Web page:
Another neat addition to the Pixel 7 Pro is support for cough and snore detection when the phone is in “bedtime mode.” This is enabled by default when you use bedtime mode (which is fully optional), and the feature will use the phone’s microphones to pick up on your snoring overnight. It’s a neat addition, but it didn’t pick up any meaningful data in the short time I’ve been using the Pixel 7 Pro – I’m pretty confident most of the snoring it’s picking up is from my two dogs. The one thing I do really like, though, is being able to see when my sleep was interrupted, and I used my phone. It’s easy to wake up in the middle of the night and be pulled to your phone, and keeping a log of that might actually result in breaking some of those bad habits.

Five years of support

Like the Pixel 6 series, the Pixel 7 and Pixel 7 Pro will be supported with software updates from Google for the next five years. You’ll get major Android updates for three years after launch, with security patches for two years after that. This isn’t the best update policy on the market today, but it’s a solid one nonetheless. Five years from now, you’ll have a working phone, and there’s nothing in Google’s policy that stops the company from extending major updates if it sees fit.

That said, it would be really nice if Google set the example, and pushed a full five years on both fronts. I suspect Google is hesitant to do so because we’re still in the early days of Tensor, but hopefully, this will change in time.

Tensor G2 is better, but only marginally

The second generation of Google Tensor is what powers the show on Pixel 7 Pro, and it leaves a good impression. 

The 5nm processor is only a marginal improvement over its predecessor, most notably adopting slightly newer cores for its supplementary processing cores. Google claims the chip is 20% more powerful and energy efficient. 

In my testing so far, it feels roughly the same as Tensor did last year, but with heat being one of the key areas of improvement. Where Google’s first Tensor chip would heat up very quickly especially in hotter summer months, Tensor G2 took a bit longer to start heating up in my use. It took two hours of almost continuous use on 5G plus an hour of light gaming for the phone to really start feeling toasty. It gets a little warm quickly, but not uncomfortably so unless you’re pushing it pretty hard.

It’s still not nearly as efficient on cooling as the latest devices from Samsung and Apple, but it’s a step in the right direction for sure.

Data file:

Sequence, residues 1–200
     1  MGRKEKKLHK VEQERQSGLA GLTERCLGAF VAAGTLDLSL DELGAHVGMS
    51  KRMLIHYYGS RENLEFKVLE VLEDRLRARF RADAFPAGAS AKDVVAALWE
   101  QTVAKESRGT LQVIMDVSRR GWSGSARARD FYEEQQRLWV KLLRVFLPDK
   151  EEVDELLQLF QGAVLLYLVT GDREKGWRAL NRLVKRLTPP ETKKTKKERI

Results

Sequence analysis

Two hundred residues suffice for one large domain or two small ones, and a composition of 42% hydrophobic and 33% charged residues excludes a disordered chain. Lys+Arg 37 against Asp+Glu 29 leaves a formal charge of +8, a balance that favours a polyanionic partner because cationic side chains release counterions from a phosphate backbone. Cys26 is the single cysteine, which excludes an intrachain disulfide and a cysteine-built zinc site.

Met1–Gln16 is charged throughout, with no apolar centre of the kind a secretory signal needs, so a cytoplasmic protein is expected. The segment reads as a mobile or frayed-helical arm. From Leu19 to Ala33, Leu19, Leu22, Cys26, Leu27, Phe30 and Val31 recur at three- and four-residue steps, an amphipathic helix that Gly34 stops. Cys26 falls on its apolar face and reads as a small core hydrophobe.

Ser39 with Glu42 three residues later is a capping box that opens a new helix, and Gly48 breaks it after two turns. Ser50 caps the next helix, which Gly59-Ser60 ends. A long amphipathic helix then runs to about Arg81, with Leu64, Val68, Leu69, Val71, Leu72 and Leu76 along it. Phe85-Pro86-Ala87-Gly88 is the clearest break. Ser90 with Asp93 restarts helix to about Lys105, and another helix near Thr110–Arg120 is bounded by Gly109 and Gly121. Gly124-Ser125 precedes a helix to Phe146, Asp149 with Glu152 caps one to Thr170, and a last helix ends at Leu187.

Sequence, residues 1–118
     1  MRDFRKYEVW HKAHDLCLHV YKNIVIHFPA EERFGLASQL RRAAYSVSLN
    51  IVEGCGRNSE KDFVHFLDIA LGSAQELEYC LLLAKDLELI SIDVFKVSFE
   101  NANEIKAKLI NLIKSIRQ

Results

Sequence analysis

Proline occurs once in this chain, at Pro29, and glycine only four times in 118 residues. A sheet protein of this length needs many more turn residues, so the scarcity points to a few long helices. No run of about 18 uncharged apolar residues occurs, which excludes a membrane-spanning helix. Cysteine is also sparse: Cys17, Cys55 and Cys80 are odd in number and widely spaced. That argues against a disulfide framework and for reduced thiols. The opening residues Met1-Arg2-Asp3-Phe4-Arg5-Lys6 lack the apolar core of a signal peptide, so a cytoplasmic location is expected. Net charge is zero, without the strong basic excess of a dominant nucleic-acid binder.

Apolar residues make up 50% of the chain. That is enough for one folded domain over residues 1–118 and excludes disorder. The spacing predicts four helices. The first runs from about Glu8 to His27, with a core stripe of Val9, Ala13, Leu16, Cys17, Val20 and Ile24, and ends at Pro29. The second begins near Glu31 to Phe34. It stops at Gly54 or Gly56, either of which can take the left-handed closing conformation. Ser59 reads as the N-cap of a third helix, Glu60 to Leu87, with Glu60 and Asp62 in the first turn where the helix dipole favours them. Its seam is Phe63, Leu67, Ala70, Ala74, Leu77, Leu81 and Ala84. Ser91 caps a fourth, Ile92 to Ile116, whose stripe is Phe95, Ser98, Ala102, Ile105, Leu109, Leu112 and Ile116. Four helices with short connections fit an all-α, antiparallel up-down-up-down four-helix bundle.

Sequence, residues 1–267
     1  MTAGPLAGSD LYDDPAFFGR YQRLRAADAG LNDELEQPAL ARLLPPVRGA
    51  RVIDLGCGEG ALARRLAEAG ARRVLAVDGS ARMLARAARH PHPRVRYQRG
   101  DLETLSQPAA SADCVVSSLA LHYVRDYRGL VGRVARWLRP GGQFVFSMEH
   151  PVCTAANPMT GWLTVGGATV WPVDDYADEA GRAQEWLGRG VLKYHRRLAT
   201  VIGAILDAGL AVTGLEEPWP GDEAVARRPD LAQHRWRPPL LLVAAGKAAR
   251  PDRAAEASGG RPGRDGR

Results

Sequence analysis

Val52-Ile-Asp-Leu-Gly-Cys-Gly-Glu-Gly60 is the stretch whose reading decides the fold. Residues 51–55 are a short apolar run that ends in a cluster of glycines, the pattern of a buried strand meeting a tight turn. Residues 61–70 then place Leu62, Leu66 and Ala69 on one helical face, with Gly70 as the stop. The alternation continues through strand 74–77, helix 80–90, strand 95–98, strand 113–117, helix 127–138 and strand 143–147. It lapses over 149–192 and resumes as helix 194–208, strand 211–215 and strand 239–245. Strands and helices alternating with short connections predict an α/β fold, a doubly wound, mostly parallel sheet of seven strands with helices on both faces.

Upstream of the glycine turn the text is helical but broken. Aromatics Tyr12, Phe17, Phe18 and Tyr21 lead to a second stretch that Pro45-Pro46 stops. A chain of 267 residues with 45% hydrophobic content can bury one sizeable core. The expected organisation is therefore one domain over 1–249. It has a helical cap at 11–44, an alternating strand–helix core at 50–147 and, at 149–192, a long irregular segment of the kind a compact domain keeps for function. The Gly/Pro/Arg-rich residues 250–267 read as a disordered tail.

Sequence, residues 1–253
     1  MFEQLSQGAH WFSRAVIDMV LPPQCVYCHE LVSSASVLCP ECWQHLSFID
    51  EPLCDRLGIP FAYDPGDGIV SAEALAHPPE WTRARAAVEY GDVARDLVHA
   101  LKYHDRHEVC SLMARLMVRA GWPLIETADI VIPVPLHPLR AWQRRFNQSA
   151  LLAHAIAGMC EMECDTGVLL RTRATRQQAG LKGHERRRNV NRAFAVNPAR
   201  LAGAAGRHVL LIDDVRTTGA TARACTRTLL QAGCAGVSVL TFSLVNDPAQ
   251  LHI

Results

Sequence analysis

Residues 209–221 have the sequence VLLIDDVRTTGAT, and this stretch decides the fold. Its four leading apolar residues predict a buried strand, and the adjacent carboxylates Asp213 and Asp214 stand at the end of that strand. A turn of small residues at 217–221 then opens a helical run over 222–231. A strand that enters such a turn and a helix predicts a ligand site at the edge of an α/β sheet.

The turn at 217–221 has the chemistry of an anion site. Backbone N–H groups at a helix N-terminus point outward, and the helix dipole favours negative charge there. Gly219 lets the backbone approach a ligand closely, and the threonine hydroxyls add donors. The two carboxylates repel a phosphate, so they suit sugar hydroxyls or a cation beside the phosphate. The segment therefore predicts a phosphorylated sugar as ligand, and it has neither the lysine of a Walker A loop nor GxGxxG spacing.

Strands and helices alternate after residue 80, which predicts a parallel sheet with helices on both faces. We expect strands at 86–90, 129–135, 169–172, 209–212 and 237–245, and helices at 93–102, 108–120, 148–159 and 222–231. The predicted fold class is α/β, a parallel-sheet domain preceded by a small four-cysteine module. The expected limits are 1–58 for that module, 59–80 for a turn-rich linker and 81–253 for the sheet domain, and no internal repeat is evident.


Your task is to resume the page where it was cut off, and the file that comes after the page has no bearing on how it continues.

Tensor G2 seems to improve on its predecessor’s network performance

Update: Through some extended time with the Pixel 7 Pro, one thing has become abundantly clear. Tensor G2’s new modem is a big improvement over the prior generation.

Like the original Tensor chip, Google’s new chip uses a modem from Samsung, bucking the usual trend of using a Qualcomm modem as most phones sold in the United States do. With the original Tensor chip, that was a pretty big problem over time. Deep-dives showed just how far behind that modem was in signal strength, and there were countless issues for many, especially in more rural areas that lack strong coverage.

The good news is that the Samsung Exynos 5300 modem is a fairly huge improvement.

I’ve noticed over the past week that signal strength on Google Fi, which uses T-Mobile towers, is stronger and faster. In a trip to a very rural area, I also noticed a significant improvement in the phone holding signal. The rural area had 5G coverage through T-Mobile’s network, but would cycle through 5G and LTE depending on exactly where I was. But what really stood out was that my coverage remained strong regardless.

The downside, though, seems to be with power consumption. Battery life drained much more quickly than usual in these conditions, sucking up around 35% of my battery in about 4 hours of use. We still plan some deeper testing and comparisons with Tensor G2’s modem in the coming weeks.

And while we’re talking about connectivity, let’s also touch on actual phone calls. Over Google Fi (with calls being routed through Google Voice, but done through my carrier) I found that call quality was generally quite good. The earpiece speaker sounds great, and callers had no complaints with my sound, even when I made calls outdoors.

Battery Life & Charging |

Better, but barely

The Pixel 7 Pro shares the same battery size as the Pixel 6 Pro, the latter really being a bit of a disappointment over time. The 5,000 mAh pack was enough for an “all-day” phone for me during initial testing of the Pixel 6 Pro, but later months saw the device usually needing a charge at some point through the day if I blew past four hours of screen time.

With the Pixel 7 Pro, I find myself in a similar situation.

This phone can last all day depending on your use, but around four hours of active use seems to drain it to around 20% remaining, the threshold for battery saver to kick in and where my own personal battery anxiety starts to kick in. But as with anything, your results will vary. There were plenty of people able to pull 6+ hours of active use out of the Pixel 6 Pro. I found that battery life was around 10-20% better on this year’s model. Hopefully, that’s true for you, too.

What’s not improved at all, though, is charging. Over a cable you’ll max out around 23W on the Pixel 7 Pro, and around the same speed using the Pixel Stand wireless charger. This isn’t super slow, but it certainly feels a bit sluggish at times compared to some devices I’ve tried in recent months, especially the OnePlus 10T and its truly insane 125W charging. 

I did notice quickly, though, that the Pixel 7 Pro seems to heat up much less when it’s on a wireless charger, something that’s really been annoying on the Pixel 6 Pro over the past few months. This probably comes down to the better cooling infrastructure under the hood, and I very much appreciate it.